pioneer

noun
pi·​o·​neer | \ ˌpī-ə-ˈnir How to pronounce pioneer (audio) \

Definition of pioneer

 (Entry 1 of 3)

1 : a member of a military unit usually of construction engineers
2a : a person or group that originates or helps open up a new line of thought or activity or a new method or technical development
b : one of the first to settle in a territory
3 : a plant or animal capable of establishing itself in a bare, barren, or open area and initiating an ecological cycle

pioneer

verb
pioneered; pioneering; pioneers

Definition of pioneer (Entry 2 of 3)

intransitive verb

: to act as a pioneer pioneered in the development of airplanes

transitive verb

1 : to open or prepare for others to follow also : settle
2 : to originate or take part in the development of

pioneer

adjective

Definition of pioneer (Entry 3 of 3)

2 : relating to or being a pioneer especially : of, relating to, or characteristic of early settlers or their time

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Examples of pioneer in a Sentence

Noun the pioneers who settled in the American West in the 19th century the hardships that the pioneers endured while taming the wilderness Verb a painter who pioneered a new art form The new method of cancer treatment was pioneered by an international team of researchers. He helped pioneer a new route to the West. He pioneered in the development of airplanes. Adjective the nation's pioneer institution for the education of African-Americans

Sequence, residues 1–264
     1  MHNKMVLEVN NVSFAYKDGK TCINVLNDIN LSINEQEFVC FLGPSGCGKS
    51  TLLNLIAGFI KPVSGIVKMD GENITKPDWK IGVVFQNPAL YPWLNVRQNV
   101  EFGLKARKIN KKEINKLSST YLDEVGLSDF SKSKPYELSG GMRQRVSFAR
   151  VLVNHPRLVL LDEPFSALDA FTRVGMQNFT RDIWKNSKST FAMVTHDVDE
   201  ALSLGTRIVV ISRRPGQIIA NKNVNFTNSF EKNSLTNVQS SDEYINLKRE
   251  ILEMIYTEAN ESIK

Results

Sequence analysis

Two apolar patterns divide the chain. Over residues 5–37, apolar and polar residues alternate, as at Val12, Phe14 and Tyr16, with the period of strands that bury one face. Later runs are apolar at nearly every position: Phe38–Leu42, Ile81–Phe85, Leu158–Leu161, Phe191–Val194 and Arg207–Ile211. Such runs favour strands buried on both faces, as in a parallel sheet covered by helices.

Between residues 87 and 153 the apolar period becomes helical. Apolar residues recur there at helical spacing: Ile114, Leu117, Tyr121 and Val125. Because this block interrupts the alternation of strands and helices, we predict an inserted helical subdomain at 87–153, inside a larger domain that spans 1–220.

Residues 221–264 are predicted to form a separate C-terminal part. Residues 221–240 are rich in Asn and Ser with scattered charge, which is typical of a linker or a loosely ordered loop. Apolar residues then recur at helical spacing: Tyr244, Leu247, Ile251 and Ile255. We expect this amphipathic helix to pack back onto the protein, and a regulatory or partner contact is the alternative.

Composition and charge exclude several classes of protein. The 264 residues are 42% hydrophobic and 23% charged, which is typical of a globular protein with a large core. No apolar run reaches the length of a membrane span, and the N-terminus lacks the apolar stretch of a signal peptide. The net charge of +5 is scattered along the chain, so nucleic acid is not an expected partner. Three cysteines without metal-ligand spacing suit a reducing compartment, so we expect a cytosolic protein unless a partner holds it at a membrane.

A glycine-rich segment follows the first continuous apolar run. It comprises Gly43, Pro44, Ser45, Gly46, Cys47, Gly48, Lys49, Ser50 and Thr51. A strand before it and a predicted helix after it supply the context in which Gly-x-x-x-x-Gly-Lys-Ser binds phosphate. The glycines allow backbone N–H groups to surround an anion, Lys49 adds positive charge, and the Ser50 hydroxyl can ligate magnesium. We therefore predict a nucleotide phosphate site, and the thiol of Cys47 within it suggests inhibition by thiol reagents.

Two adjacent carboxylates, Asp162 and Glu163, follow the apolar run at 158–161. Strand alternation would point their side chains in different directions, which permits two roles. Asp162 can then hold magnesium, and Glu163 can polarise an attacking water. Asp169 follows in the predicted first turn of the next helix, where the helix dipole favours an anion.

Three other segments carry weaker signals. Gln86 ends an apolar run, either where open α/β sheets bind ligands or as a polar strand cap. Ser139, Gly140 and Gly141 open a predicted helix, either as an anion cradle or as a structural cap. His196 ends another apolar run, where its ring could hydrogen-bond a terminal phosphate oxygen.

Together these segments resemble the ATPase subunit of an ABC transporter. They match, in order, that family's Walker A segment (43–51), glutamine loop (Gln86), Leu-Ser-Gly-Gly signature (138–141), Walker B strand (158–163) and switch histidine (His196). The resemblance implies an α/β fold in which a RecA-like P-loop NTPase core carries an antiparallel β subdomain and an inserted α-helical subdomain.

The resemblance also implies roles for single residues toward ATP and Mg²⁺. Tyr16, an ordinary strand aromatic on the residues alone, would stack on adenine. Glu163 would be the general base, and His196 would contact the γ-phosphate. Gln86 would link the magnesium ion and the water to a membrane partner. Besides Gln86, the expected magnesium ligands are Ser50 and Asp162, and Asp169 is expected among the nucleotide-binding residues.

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Recent Examples on the Web: Noun The city's name eventually changed to honor its thriving railroad pioneer, Marvin Kent. Marc Bona, cleveland, "Kent restaurant The Battleground embraces social justice on its plates, in its glasses," 26 May 2020 The myriad types found at Mil are due in part to Peru’s latest potato pioneer, Manuel Choqque Bravo. Rebecca Wolff, National Geographic, "Get a taste of Peru’s hot potatoes," 14 May 2020 Before his headlining appearance at the 1993 City Stages festival in Birmingham, the flamboyant rock 'n' roll pioneer talked to reporter Shawn Ryan of The Birmingham News, discussing his life and career. Mary Colurso | Mcolurso@al.com, al, "Our interview with Little Richard for 1993 City Stages," 9 May 2020 Afrobeats, a pulsating West African style of music, was popularized by its pioneer, the late musician and political activist Kuti in the 1960s. Robert Iddiols, CNN, "Nigerian drummer and Afrobeat pioneer Tony Allen dies at 79," 1 May 2020 But the rules of Oregon wine had been set by that small cadre of Willamette Valley pioneers, and as the industry grew, those rules started to feel outdated. Esther Mobley, SFChronicle.com, "How California’s appetite for Oregon’s grapes fueled a wine war," 22 Apr. 2020 The prison farm stood in stark contrast to the second significant use of the land, a day camp founded in 1952 by local Girl Scouts pioneer, Marjory Bailey. David Reamer, Anchorage Daily News, "There’s a golf course there now, but Anchorage prisoners used to farm at Russian Jack Springs Park," 12 Apr. 2020 EOS GmbH of Germany, a 3-D printing pioneer, on Tuesday launched an industrywide website, 3DAgainstCorona,... Asa Fitch, WSJ, "3-D Companies Tackle Coronavirus Supply Shortages," 2 Apr. 2020 Damaged Senses Rewire Themselves The vision pioneers David Hubel and Torsten Wiesel, who discovered image processing in the visual cortex, repeated these experiments in animals and discovered the neural basis of the lazy eye. Quanta Magazine, "The Brain Reshapes Our Malleable Senses to Fit the World," 24 Mar. 2020 Recent Examples on the Web: Verb The program Loy uses was pioneered by the US military as part of an effort to improve the performance of service dogs. Popular Science, "‘Super puppies’ keep calm and carry on in the most stressful situations," 17 Apr. 2020 Spitzer has pioneered the study of hot Jupiters—gas giant exoplanets that orbit close to their stars—and in 2009, found a hidden ring around Saturn. Lily Katzman, Smithsonian Magazine, "Spitzer’s 16 Years of Scanning the Cosmos," 31 Jan. 2020 In another scientific breakthrough, British neuroscientist Adrian Owen and his colleagues have pioneered the use of functional magnetic resonance imaging (fMRI) in patients who appear to be in persistent vegetative states. Jacob M. Appel, STAT, "A ‘radical proposition’: A health care veteran tries to upend the system and bring drug prices down," 9 Jan. 2020 Her editing, which features close-up zooms, abrupt intercuts of her outtakes, liberal sound effects, and behind-the-scenes shots of her editing in her bed, has pioneered a new style, spawning a whole subgenre of YouTube mimicry. Rebecca Nelson, Marie Claire, "The Emma Chamberlain Effect," 26 Aug. 2019 Having made his name in the value-investing discipline pioneered by Warren Buffett, Herro isn’t shy about pressuring C-suite executives. Saijel Kishan, Bloomberg.com, "Climate Skeptic Asset Managers Face Pressure to Reveal Donations," 29 Apr. 2020 Remember the two-seat convertible SUV segment pioneered by the Suzuki X90? Jens Meiners, Car and Driver, "2021 Mercedes-Benz GLA250 4Matic Shows Real Growth," 15 Apr. 2020 The song’s funky blues and enigmatic lyrics epitomized the atmospheric jazz-rock sound pioneered by the band’s Donald Fagen and the late Walter Becker. Marc Myers, WSJ, "‘Peg, It Will Come Back to You’: Steely Dan’s Donald Fagen on the 1977 Hit," 7 Apr. 2020 But children’s music as a genre didn’t emerge until the 1970s, pioneered by a handful of Canadian baby boomers: Raffi, Fred Penner, and the trio Sharon, Lois & Bram. Patrick Flanary, Quartz, "Children’s music never broke through in China, but coronavirus may change that," 31 Mar. 2020